Andre Gan is the managing partner of Wong & Partners. He is a corporate and securities partner who also heads Wong & Partners’ Competition Group. His practice areas covers mergers and acquisitions, corporate securities, venture capital and private equity, and competition. He has been acknowledged by Chambers Asia Pacific 2016 as one of only three Band 1 practitioners for Corporate/M&A in Malaysia and also a recognised competition practitioner. Andre is also a member of the Firm's Global Antitrust and Competition Steering Committee and is noted as a leading competition lawyer in Global Competition Review - Who's Who Legal in 2016. He has worked in the Singapore and London offices of Baker McKenzie International.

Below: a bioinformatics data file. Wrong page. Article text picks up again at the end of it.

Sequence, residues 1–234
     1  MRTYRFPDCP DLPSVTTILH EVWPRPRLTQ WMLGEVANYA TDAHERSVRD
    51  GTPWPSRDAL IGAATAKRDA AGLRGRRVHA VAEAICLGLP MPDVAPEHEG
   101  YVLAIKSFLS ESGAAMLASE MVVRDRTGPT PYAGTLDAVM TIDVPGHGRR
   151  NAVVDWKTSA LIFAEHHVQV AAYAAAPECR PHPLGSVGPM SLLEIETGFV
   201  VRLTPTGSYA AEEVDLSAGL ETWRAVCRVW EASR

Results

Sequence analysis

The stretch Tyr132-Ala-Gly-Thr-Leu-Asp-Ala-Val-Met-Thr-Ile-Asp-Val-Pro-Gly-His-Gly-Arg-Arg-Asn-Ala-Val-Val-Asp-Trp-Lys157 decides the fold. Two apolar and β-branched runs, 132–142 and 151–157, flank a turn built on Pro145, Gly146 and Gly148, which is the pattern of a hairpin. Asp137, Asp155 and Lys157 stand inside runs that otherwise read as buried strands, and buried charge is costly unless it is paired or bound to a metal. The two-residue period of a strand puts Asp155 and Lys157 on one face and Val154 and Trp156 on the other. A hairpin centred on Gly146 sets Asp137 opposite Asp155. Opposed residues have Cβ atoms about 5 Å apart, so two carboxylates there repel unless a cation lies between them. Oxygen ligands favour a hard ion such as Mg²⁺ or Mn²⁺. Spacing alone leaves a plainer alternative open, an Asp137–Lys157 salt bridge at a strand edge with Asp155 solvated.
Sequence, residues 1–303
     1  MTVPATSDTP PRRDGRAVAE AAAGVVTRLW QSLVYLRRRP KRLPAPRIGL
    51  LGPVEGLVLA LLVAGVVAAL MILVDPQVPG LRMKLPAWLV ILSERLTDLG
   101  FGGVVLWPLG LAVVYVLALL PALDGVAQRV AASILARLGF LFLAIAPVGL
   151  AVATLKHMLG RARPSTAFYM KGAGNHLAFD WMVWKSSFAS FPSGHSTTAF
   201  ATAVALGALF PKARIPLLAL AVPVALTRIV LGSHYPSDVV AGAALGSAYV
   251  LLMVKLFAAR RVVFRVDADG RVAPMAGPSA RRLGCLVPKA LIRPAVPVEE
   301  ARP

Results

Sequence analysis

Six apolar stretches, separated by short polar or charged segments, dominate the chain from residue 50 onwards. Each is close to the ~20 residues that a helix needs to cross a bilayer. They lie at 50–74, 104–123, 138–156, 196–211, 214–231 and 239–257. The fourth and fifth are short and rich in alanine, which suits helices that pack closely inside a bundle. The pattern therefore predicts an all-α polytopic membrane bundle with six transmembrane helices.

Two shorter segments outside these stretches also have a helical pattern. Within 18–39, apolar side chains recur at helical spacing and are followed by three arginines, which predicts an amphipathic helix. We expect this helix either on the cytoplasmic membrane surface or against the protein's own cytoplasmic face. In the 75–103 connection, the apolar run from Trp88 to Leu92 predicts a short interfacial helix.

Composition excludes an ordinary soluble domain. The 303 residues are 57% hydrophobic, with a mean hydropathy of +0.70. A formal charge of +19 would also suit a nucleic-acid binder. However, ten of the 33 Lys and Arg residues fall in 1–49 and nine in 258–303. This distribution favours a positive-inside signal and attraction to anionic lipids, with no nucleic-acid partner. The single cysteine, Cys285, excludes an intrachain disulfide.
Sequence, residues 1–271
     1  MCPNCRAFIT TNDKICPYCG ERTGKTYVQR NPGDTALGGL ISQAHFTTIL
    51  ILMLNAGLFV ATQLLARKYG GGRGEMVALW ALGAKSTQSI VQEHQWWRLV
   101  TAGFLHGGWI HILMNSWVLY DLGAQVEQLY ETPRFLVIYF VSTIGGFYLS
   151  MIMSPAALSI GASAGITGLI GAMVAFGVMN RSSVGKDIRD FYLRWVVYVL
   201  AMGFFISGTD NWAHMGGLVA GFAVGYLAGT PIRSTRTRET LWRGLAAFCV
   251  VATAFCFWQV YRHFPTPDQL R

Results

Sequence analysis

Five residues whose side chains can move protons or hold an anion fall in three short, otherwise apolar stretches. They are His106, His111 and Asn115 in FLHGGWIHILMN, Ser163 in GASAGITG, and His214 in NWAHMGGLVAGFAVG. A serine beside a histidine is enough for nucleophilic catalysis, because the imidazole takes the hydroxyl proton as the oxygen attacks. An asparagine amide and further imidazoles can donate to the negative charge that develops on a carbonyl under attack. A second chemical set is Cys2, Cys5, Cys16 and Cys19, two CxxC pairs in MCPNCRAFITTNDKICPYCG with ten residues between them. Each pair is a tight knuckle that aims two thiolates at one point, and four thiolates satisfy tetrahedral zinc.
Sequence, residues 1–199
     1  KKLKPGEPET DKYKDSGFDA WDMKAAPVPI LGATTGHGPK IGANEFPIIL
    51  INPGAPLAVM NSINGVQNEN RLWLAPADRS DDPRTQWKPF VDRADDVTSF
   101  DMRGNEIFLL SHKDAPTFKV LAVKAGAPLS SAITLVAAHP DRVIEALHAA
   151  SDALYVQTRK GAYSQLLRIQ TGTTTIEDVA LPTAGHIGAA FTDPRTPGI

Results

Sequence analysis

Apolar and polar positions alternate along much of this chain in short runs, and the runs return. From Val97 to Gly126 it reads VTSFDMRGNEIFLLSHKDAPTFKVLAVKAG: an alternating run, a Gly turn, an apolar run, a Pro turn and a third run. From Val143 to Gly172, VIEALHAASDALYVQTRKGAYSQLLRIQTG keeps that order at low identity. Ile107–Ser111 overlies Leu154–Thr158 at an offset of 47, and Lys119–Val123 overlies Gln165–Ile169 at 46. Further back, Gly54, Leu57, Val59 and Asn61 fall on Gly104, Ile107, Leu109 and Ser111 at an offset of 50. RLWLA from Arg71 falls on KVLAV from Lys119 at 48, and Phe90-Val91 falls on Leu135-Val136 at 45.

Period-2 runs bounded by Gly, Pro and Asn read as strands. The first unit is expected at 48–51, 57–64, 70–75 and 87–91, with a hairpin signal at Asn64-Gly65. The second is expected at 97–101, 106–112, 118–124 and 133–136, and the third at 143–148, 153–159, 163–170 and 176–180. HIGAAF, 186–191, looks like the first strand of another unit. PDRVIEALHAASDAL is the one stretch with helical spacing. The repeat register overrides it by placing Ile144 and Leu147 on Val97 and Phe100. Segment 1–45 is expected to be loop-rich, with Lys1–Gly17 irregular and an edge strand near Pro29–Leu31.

Kherk Ying Chew heads the Intellectual Property and Dispute Resolution Practice Groups of Wong & Partners. She has decades of experience in IP, commercial litigation, corporate compliance, information technology and Internet regulatory issues. Ms. Chew has been named among the Commended External Counsels of the Year 2017 by the In-House Community. She is also one of two Malaysians ranked in Top 250 Women in IP 2017 by Managing IP. She is ranked in the first tier of IP practitioners in Malaysia by Chambers Asia and Asia Pacific Legal 500. According to Chambers Asia Pacific, Ms. Chew is "an acclaimed figure in the sector, drawing praise as a lawyer who is 'really commercial, very practical' and 'knows her subject impressively well'". Asia Pacific Legal 500 had previously commented that she is "highly respected for contentious and non-contentious work" and has won "an important precedent-setting case for Malaysian software copyright law.”